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Saturday, July 30, 2011

Connection or Causation?

I was reading an article the other day about a possible connection between mental illness and nose jobs, and thought, "Aha! A perfect possible example of crazy statistics!" But I was not only disappointed on that count, but also pleasantly surprised that the article showed valid statistical practices. What I can focus on in this post are two things:
  1. What valid statistical practices were used?
  2. How to avoid common pitfalls when reading an article that involves statistics.
First, you might want to quickly read the article:
Go ahead; I'll wait.

There are enough bad statistical articles out there, which I'm sure I'll happen upon and grab for another post, but as I said, this article is not one of them. First, the author was careful to qualify the difference between people who have valid medical reasons to seek plastic surgery on their noses and those who appear to be negatively obsessed with a perfectly normal-looking (from a plastic surgeon's standpoint) nose. The author was careful to separate the two.

This was a "controlled" study, as statisticians say. First, there was a rather large sample (266) of patients seeking nose jobs in Belgium, who filled out a diagnostic questionnaire that was intended to uncover the condition (called Body Dysmorpphic Disorder (BDD)). The author included all of the vital information -- number of people, location of the study, duration of the study, and a link to the full journal article so that the study could be reproduced if desired. Rather than worrying that a duplicate study will refute the findings of the original study, most statisticians welcome "do-overs" of the study, because it can either strengthen their findings or point out something they might have overlooked. After all, from an ethical standpoint, most researchers are after the truth, so they try to make the specifics as transparent as possible.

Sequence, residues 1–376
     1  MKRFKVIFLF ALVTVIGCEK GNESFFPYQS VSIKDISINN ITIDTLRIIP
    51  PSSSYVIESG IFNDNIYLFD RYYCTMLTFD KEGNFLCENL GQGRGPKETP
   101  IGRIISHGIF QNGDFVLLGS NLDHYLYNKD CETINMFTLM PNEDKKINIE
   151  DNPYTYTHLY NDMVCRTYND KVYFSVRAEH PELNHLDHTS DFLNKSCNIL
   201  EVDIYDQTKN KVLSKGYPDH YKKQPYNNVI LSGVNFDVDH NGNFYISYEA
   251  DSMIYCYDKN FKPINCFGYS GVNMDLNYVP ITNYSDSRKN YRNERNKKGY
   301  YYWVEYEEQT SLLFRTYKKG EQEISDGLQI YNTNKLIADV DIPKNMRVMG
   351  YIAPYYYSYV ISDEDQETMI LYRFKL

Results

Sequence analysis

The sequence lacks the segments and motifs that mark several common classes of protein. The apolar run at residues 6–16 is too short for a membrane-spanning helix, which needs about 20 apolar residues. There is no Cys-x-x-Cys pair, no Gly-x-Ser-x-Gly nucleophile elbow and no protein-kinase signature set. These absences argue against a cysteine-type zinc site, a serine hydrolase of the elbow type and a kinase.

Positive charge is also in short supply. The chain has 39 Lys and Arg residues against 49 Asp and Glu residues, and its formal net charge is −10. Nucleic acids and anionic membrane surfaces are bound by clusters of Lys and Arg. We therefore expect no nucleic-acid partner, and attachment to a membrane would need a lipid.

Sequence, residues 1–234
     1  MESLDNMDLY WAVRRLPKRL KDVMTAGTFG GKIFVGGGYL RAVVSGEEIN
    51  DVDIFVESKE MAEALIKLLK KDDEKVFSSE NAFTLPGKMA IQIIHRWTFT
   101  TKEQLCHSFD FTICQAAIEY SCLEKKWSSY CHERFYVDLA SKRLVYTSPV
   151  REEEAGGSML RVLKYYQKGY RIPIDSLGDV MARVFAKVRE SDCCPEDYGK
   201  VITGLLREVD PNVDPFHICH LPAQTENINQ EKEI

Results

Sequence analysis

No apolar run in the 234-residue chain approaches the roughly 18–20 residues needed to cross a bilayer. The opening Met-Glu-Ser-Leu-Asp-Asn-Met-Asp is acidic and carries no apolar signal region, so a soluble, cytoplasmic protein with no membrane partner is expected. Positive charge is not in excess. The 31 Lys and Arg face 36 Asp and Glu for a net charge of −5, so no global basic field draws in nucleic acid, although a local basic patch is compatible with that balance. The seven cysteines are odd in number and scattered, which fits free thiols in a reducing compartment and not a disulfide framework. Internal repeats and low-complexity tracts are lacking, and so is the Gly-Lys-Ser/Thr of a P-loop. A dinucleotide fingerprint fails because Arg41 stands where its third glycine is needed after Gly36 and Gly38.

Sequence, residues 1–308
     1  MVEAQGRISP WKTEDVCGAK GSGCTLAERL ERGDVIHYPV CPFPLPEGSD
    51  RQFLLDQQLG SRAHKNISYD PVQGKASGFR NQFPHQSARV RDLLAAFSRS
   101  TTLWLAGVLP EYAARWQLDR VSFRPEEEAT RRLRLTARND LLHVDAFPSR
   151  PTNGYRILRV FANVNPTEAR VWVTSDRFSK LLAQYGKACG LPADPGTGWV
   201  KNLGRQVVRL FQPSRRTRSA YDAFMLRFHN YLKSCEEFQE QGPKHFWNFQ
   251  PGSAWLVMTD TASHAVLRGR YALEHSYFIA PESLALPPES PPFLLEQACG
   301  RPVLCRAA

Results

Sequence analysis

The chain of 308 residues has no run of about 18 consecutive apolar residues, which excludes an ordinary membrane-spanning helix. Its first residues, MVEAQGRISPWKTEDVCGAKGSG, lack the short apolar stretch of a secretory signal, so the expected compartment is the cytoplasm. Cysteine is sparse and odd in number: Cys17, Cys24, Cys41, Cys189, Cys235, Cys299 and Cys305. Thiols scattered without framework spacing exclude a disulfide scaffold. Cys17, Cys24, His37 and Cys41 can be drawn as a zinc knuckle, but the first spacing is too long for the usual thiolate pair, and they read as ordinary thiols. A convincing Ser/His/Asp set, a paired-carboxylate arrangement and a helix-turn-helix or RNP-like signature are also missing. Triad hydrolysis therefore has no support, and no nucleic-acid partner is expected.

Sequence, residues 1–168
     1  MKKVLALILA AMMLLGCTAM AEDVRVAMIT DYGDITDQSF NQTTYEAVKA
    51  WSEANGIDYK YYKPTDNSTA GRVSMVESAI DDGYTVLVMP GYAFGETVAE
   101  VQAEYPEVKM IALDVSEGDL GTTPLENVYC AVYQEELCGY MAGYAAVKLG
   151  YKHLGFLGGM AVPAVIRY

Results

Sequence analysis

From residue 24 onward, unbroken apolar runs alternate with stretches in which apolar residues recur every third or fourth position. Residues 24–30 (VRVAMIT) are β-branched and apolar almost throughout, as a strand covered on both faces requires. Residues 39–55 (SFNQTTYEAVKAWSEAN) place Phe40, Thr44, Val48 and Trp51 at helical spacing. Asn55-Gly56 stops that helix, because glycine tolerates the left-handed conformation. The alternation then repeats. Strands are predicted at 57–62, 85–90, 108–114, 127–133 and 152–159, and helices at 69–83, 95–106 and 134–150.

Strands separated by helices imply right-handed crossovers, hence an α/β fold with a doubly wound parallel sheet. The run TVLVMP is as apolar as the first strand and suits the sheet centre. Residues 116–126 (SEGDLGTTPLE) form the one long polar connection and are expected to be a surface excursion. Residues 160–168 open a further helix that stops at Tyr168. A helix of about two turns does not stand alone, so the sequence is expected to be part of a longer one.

Separating those patients who had a "valid" complaint about their nose (for instance, a breathing problem) from those who showed signs of BDD was an excellent example of controlling the study. For example, if they hadn't done this and went on conducting the study, they couldn't have separated the "valid" patients from the BDD patients later. By controlling the study, they were able to determine that only 2% of the "valid" patients showed evidence of BDD while 43% of the "invalid" patients did. If everyone had been lumped together, the results might have been diluted. Researchers need to think of possible variables ahead of time that could muddy the waters later. The variable of "valid" versus "invalid" was one of these. We call these variables lurking variables, because they can work under the surface, making it look like one thing (seeking a nose job) is causing the other (BDD)... or vice versa.

Another interesting and admirable thing the article did was volunteer extra information that the reader might have had upon reading the article; that is, they singled out nose jobs from other plastic surgery as being notable with respect to this connection. They seem to have thought things through very well.

Now, on to you as a reader of such articles. My only caution in this case is that you don't read any type of cause and effect situation into the article. Having BDD doesn't necessarily cause people to seek a nose job, although there seems to be a very strong connection between the two. Further study and repetition of the study would be needed to prove cause and effect. To its credit, the author of this article was careful not to lead you in the causation direction.

Simply put: Just because two variables appear to be connected doesn't prove that one variable causes another. For those readers who recall the "old days" when people smoked cigarettes and didn't know about the dangers of lung cancer, remember how it took years to get even the mildest cautionary note placed on cigarette packs? The first such caution cited a connection between cigarette smoking and lung cancer. After years of further controlled study, researchers were finally able to put stronger cautions on cigarette packs: that cigarette smoking causes lung cancer.

Moral of the Story: This was an example of an article in which the author was very careful not to imply cause and effect. Other articles aren't so clear. As you read articles that involve numbers and statistics, be aware of this and don't jump to causation conclusions!

Self-Test: Name a lurking variable in this statement: "The more firefighters sent to a fire, the more damage is done to the structure."

Answer: Size of the fire is the lurking variable. It influences both variables: the amount of damage done, and the number of firefighters sent to the scene.

(Credit: Stats: Modeling the World, Bock, Velleman, deVeaux. Thanks!

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